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Home | Film Reviews | Film Review: The S From Hell (short film) (2010)

Film Review: The S From Hell (short film) (2010)

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Built around interviews with survivors still traumatized from viewing the logo after shows like Bewitched or The Monkees, the film brings their stories to life with animation, found footage, and reenactments.


This quirky and light-hearted short film uses a pseudo documentary technique to try to turn something innocent – like a logo and the sound of a synthesiser – and turn it into something a bit more sinister and suspicious. The S From Hell could almost be likened to one of Michael Moore’s famed documentaries (like Bowling for Columbine or Sicko) revealing hidden conspiracies and information which is being hidden from the public. There could also be said to be some inspiration from Werner Herzog’s documentary called Grizzly Man, where he looked into instances of Timothy Treadwell’s footage which may appear trivial but actually have a hidden depth to them.


The ‘S’ in question which this short film is based on is the Screen Gems logo – a film production company which has many horrors to its name, such as Resident Evil, The Exorcism of Emily Rose, When a Stranger Calls (remake), Prom Night (remake), Quarantine, The Roommate and Straw Dogs (remake). The S From Hell portrays this logo as something which forms the basis of nightmares which haunt people from the moment that they very first see it. They have interviews with ‘victims’ of this childhood trauma, coupled with a few dramatic re-enactments. I found the short film funny and silly, yet the constant repetition of the logo with the little jingle did almost start to convince the audience that there was a hidden meaning there.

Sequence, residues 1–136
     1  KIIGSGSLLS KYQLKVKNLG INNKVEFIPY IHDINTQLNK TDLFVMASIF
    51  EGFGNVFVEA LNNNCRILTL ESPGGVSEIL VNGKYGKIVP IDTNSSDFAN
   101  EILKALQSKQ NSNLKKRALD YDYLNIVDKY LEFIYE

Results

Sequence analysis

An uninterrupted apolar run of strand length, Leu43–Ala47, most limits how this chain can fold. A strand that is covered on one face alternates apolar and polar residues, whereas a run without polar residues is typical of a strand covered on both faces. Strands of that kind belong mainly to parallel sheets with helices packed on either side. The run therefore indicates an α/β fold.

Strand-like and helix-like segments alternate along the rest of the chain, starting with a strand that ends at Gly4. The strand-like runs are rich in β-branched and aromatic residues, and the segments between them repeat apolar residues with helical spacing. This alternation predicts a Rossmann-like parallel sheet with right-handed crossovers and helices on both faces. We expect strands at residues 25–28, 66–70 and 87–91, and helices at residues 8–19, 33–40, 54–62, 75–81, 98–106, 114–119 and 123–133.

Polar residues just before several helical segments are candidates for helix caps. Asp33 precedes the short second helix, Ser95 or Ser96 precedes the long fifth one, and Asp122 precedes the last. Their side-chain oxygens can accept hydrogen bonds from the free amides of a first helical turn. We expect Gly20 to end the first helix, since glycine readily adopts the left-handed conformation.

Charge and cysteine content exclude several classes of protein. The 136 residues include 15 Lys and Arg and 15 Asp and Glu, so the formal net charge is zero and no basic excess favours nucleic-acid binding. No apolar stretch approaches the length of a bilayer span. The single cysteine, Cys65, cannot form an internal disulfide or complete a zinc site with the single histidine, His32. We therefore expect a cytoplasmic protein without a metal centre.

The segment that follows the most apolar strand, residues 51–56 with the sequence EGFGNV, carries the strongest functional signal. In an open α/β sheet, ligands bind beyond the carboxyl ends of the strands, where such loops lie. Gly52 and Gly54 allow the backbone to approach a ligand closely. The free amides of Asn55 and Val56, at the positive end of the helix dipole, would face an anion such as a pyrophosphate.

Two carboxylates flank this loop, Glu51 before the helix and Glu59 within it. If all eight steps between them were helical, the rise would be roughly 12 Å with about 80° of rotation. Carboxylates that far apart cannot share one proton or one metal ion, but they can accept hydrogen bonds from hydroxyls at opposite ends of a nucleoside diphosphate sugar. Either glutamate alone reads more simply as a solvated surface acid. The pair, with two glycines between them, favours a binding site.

For me, there was a metaphysical, self aware quality to The S From Hell which gave it a cleverly ironic tone. It seems to highlight the power of film, especially the subtle art of editing, which can be sneakily used to convey any message that you want. This is especially true in documentaries – filmmaker’s can manipulate the footage in any way they please so as to get the desired effect. It’s not as entirely honest, objective and factual if we choose to look at it like this. Lots of archive footage was used here which enhanced the realistic aspect of this pseudo documentary, placing it in the real world. This is a fun short film that should be seen as light-hearted entertainment as opposed to a serious leap into the world of horror. I’ll tell you this though – you’ll never see that Screen Gems logo in quite the same way again.


Also, it is recommended that you stay until the end of the credits (the entire film is only 8 minutes, so it’s not that high a price to pay) as there is one last pun which I thought was really clever. The S From Hell seems to have created, or at least encouraged, a new fad called ‘logophobia’, and even on their website they have dedicated a page to ‘other scary logos of note’, featuring Walt Disney Home Entertainment, A Viacom Presentation, Public Broadcasting Service, World Division Enterprises and many, many more.

The S From Hell (short film) (2010)

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